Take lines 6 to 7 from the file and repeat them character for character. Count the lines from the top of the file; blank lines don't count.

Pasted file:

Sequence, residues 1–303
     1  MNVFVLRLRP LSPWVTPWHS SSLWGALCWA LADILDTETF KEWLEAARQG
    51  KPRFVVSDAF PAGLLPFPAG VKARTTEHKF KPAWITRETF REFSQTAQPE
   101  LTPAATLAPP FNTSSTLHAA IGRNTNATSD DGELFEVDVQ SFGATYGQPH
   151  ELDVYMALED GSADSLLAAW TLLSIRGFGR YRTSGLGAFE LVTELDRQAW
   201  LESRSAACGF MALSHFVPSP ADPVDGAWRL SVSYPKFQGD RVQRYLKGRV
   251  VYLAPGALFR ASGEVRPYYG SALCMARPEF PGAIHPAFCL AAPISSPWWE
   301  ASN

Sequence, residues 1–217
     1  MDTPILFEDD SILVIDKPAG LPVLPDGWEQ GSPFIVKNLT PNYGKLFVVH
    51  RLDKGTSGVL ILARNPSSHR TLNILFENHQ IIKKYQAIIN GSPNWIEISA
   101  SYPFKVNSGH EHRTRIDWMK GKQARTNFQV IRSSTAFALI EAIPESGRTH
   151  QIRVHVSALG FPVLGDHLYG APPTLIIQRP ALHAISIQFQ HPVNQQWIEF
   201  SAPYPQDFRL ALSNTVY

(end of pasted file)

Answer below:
   201  LESRSAACGF MALSHFVPSP ADPVDGAWRL SVSYPKFQGD RVQRYLKGRV
   251  VYLAPGALFR ASGEVRPYYG SALCMARPEF PGAIHPAFCL AAPISSPWWE